Brussels right on workplace pensions (shock)



Those clever folk in Brussels have come up with the idea of extending MIFID to cover UK pensions, says this article. My old chum Matthew Connell of Zurich is concerned that this might stop the sale of workplace pensions to employers “on a default basis”

All complex products can only be sold to a consumer either through an advised sale or through a sale following an ‘appropriateness test’.

Oh dear, and there’s me thinking that employers should be entering into long-term investment contracts on behalf of their staff without the faintest idea of what they are doing. After all , that’s how people bought personal pensions, endowments, PPI and how employers bought interest rate swaps as part of business loans.

Of course it makes absolute sense for the 1.2m employers and 5 million workers joining these schemes to be defaulted into the pension scheme arranged for them by some super buyer like the National Association of Haberdashers or the local accountants or ZYZ payroll services. After all they know all about how pensions work , what separates good from bad and what might be considered appropriate for their members/clients/customers.


Now I know in these new enlightened times we must consider any meddling from Europe as a “bad thing” but might there not be just a little bit of sense in requiring employers setting up a long-term investment contract for their staff, to take a little time to work out what they are buying and why? And might it not be a good idea for someone to write down for the benefit of the staff whose take home pay will reduce, to know just what they are investing in and why it was considered suitable by their employer?

Might someone not consider being nudged into a financial product without any understanding of what that product is , akin to the process by which people were suckered into that list of financial products (to which I could add default annuity products)?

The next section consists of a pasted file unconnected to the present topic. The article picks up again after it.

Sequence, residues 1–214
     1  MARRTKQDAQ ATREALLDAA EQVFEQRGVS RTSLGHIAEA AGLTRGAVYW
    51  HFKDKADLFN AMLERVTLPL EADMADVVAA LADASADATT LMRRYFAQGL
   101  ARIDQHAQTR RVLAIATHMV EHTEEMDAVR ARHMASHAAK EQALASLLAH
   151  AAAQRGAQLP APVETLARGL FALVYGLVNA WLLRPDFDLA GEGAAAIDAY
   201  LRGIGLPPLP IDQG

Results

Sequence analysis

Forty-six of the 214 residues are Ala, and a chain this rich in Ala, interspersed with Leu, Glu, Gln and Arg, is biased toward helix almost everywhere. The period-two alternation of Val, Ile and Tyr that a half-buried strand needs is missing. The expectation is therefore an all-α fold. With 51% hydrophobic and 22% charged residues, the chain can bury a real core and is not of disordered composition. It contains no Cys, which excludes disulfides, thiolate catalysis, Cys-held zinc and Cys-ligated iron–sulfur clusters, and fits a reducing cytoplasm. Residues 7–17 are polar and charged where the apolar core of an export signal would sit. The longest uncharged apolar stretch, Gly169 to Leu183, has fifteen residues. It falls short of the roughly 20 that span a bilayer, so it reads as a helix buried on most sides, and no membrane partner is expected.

Might that same person not ask , in years to come , why no-one stopped to ask

what the hell’s going on here – what exactly is this work place pension?



We are now so in love with non-decision making , that we’ve agreed that large numbers of non- heterogeneous employers can be herded into pens and defaulted into workplace pensions they know nothing about – and this is good.

A couple of nights ago I watched a film called Boom Bust Boom in which – like groundhog day – I saw banks blow up over and over again. It wasn’t the same explosion, each explosion was separated by history. South Sea Bubble – Wall Street Crash – Credit Crunch.

But what linked all of these events was that they sprung from the supreme over-confidence of those running the banking system that

“this time it’s different”


This time is no different from the defaulting of people’s funds into inappropriate personal pensions, endowments, annuities, PPI. Defaulting employers into workplace pensions without them having a clue about what they are doing is simply an extension of a failed process that will have precisely the same consequences- ambulance chasing, claims, restitution and ultimately a breakdown of what is currently going well.

If auto-enrolment is to continue to go well, we need to provide the same help on workplace pensions to the SMEs and micros who know nothing about pensions as we do to the larger employers who know nothing about pensions.

All that changes is the delivery mechanism, You either deliver advice and guidance to employers properly , or you run the risk that – like all the other mis-selling scandals that preceded this, the default sale will come back to bite you.



That is why there should be no carve out of workplace pensions, why people buying into workplace pensions should know what they are doing and – ultimately – why Brussels – on this – is right.

About henry tapper

Founder of the Pension PlayPen,, partner of Stella, father of Olly . I am the Pension Plowman
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3 Responses to Brussels right on workplace pensions (shock)

  1. antfoster says: